June 2015 Download this article as a PDFAbstract

A model for executing and resisting botnet-enabled cyber-attacks and botnet takedowns does not exist. The lack of this representation results in ineffective and inefficient organizational decision making and learning, hampers theory development, and obfuscates the discourse about the “best-case” scenarios for the future of the online world. In this article, a club theory model for botnet-enabled cyber-attacks and botnet takedowns is developed. Initiatives to execute and resist botnet-enabled cyber-attacks and botnet takedowns are conceptualized as collective actions carried out by individuals and groups organized into four types of Internet-linked clubs: Attacker, Defender, Botbeheader, and Botmaster. Five scenarios of botnet-enabled cyber-attacks and five scenarios of botnet takedowns are examined to identify the specific dimensions of the three constructs and provide examples of the values in each dimension. The developed theory provides insights into the clubs, thereby paving the way for more effective botnet mitigation strategies. This research will be of particular interest to executives and functional personnel of heterogeneous organizations who are interested in improving the quality of their communications and accelerating decision making when solving botnet-related problems. Researchers applying club theory to examine collective actions of organizations linked by the Internet will also be interested in this research. Although club theory has been applied to solve problems in many fields, this is the first effort to apply it to botnet-related problems.


A botnet is a network of infected hosts that carry out commands sent by a botmaster. The impacts of botnet-enabled cyber-attacks on individuals and organizations are diverse and have necessitated a collaborative approach that leverages technical and non-technical systems to mitigate botnet-enabled cyber-attacks. However, such collaborative initiatives carried out to solve botnet-related problems are costly, complex, and time consuming due to poor communication among the executives and personnel in technical, legal, security, and research functions of heterogeneous organizations, including law enforcement agencies. Although many collaborative initiatives have been successful, some have not (Lerner, 2014; Schmidt, 2012).

This article provides a representation for executing and resisting botnet-enabled cyber-attacks and botnet takedowns. The intent is to improve communications, learning, and decision making among the various actors that need to come together to effectively and efficiently address botnet-related problems, accelerate theory development, and clarify the discussion about the “best-case” scenarios for the future of the online world.

In this representation, the initiatives to execute and resist botnet-enabled cyber-attacks and botnet takedowns are conceptualized as collective actions carried out by Internet-linked clubs. Collective action refers to actions undertaken for a collective purpose, such as the advancement of a particular ideology or idea, or the political struggle with another group (Postmes & Brunsting, 2002). Collective action requires a definition of who “we” are and an understanding of what “we” can do (Drury et al., 2014).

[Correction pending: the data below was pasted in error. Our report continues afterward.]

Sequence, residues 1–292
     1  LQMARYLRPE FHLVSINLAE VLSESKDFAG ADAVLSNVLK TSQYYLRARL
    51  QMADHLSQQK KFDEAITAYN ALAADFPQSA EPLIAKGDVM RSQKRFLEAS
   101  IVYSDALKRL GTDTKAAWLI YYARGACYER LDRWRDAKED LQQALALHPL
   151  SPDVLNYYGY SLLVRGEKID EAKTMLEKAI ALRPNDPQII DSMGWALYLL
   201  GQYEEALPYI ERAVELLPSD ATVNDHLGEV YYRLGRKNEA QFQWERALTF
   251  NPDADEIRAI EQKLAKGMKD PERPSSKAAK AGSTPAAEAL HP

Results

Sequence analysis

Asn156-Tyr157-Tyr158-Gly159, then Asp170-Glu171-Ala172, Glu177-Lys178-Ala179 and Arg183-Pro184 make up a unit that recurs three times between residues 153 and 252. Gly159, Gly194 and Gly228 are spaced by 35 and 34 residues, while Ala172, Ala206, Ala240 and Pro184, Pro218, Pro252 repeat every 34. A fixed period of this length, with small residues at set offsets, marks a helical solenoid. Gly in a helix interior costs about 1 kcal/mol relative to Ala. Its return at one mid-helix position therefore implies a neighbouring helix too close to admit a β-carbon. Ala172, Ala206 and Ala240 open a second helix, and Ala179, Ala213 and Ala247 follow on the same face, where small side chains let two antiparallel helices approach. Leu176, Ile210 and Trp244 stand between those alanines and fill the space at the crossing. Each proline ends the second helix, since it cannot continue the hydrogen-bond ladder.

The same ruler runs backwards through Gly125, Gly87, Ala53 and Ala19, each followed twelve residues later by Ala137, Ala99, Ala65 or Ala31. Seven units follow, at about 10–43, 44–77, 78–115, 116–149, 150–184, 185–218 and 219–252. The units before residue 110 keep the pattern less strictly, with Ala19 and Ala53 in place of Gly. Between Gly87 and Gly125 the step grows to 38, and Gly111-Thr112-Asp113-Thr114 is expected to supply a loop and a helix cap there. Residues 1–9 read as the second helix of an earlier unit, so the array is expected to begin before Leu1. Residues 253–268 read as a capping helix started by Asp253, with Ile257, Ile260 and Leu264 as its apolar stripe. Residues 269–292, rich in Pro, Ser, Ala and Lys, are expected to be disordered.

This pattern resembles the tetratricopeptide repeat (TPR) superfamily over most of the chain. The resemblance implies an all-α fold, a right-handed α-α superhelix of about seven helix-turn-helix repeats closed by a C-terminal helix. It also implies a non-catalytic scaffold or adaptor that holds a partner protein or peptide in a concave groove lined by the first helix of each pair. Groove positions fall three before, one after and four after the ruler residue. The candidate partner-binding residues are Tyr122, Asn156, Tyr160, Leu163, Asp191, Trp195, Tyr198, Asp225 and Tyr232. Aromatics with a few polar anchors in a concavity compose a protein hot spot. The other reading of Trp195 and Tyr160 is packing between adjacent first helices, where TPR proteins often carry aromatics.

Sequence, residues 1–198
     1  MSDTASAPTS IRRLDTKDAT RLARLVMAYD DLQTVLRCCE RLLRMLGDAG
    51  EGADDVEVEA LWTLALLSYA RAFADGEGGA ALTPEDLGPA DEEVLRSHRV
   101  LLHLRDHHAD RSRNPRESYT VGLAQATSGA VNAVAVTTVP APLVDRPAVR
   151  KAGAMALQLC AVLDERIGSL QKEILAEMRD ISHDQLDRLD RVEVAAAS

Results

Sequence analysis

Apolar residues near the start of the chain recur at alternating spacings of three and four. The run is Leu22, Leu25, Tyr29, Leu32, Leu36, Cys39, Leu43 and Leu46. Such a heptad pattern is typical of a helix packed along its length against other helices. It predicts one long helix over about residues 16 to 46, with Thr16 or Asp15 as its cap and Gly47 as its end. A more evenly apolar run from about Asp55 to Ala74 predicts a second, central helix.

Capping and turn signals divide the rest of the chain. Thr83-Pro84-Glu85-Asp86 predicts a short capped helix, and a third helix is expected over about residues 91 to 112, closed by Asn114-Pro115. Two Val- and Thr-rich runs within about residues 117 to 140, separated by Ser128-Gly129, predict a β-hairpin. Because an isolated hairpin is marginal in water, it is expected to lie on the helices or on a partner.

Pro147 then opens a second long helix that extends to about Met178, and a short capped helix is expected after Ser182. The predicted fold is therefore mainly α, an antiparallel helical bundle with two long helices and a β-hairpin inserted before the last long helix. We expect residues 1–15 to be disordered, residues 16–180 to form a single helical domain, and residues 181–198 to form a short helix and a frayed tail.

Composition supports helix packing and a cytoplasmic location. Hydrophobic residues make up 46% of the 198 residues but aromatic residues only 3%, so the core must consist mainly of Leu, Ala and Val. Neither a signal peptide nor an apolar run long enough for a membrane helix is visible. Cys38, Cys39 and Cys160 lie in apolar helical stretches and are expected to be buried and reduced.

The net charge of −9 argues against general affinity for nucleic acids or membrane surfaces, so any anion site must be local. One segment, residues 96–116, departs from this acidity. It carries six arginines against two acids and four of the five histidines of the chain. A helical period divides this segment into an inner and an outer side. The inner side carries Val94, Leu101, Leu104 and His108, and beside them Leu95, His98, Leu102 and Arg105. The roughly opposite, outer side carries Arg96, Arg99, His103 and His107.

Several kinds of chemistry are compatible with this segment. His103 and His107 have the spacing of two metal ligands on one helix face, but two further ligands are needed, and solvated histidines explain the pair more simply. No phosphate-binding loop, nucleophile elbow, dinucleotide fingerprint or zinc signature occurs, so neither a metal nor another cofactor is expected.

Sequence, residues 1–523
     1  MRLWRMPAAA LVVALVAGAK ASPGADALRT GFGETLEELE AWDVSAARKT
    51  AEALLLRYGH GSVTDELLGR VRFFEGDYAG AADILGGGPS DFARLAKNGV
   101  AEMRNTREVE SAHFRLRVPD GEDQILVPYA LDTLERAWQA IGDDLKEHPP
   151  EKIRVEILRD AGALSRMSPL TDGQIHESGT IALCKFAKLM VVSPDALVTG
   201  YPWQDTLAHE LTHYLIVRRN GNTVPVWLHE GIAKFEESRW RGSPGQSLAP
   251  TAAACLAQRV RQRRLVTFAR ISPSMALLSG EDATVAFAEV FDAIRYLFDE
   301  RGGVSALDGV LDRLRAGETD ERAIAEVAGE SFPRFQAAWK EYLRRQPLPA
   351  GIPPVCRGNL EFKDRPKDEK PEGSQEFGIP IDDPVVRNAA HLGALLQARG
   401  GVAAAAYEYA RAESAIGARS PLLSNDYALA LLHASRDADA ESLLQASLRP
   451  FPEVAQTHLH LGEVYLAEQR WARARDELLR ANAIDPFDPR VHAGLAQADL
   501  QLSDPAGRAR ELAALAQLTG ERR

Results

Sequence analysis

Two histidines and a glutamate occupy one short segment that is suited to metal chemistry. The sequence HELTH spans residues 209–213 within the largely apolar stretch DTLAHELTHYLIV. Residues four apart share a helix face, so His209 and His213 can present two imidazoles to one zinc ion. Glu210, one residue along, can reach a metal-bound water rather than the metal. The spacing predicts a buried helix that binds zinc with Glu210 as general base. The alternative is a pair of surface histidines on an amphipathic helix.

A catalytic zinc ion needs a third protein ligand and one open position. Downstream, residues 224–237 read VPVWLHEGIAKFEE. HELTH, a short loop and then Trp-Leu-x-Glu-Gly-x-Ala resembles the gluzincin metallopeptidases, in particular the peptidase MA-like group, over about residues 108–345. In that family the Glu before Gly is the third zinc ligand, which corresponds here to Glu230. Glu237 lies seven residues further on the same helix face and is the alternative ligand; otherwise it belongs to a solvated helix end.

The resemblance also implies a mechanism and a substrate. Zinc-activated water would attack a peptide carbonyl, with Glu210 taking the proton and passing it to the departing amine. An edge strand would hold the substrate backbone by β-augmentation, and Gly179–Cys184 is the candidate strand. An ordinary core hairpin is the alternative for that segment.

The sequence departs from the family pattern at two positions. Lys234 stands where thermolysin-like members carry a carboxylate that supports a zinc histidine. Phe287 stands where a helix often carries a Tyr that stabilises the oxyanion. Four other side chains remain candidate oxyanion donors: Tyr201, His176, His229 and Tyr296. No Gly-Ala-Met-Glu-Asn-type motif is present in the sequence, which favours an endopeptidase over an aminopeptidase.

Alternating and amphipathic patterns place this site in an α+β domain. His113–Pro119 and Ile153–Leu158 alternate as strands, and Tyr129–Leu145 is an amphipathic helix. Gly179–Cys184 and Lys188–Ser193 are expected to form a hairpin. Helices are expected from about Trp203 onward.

Botnet-enabled cyber-attacks executed by groups such as Wonderland, Anonymous, Drink or Die, The Ukranian ZeuS, Dark Market, Operation Olympic Games, Ghost Net, and PLA Unit 61398 provide examples of collective actions of Internet-linked groups. Membership of such groups is comprised of both willing and unwilling members whose devices were compromised without their consent (Grabosky, 2014).

Other examples of collective action include initiatives to takedown botnets. In 2009, organizations including Defence Intelligence, Panda Security, Neustar, Directi, Georgia Tech Information Security Center, and security researchers came together to form the Mariposa Working Group for the purpose of taking down the Mariposa botnet (Sully & Thompson, 2010). In 2013, Symantec and Microsoft collaborated to obtain a court injunction to dismantle the ZeroAccess botnet (Whitehouse, 2014). In 2014, a group of more than 30 organizations comprised of law enforcement agencies, the security industry, academia, researchers, and service providers cooperated to takedown the GameOver Zeus botnet (Whitehouse, 2014). The group identified the criminal elements and technical infrastructure, developed tools, and crafted messages for users. However, little is known about the inner workings of the collective actions of such groups. By inner working, the author means the arrangement employed by the groups to carry out their activities (e.g., to recruit members or to distribute technical and non-technical infrastructures among members).

Club theory has proven useful in examining the inner workings of collective action in private and public settings (Crosson et al., 2004; Medin et al., 2010). Extant literature on the applications of club theory has focused on non-Internet applications. Club theory has been applied to solve problems related to: highway congestion, highway pricing, provisioning, and financing (Bergias & Pines, 1981; Glazer et al., 1997); grid services (Shi et al., 2006); and the simultaneous deepening and enlargement of the European Union (Ahrens et al., 2005; Thiedig & Sylvander 2000).

A few Internet-related problems such as those related to self-organizing peer-to-peer networks have been solved by the club theory (Asvanund et al., 2004). Raymond (2013) suggested that the Internet can be considered as a set of “nested clubs”, and Hofmokl (2010) suggested that Internet goods such as broadband Internet access, proprietary software, and closed databases can be categorized as club goods because they are non-rivalrous in consumption and excludable.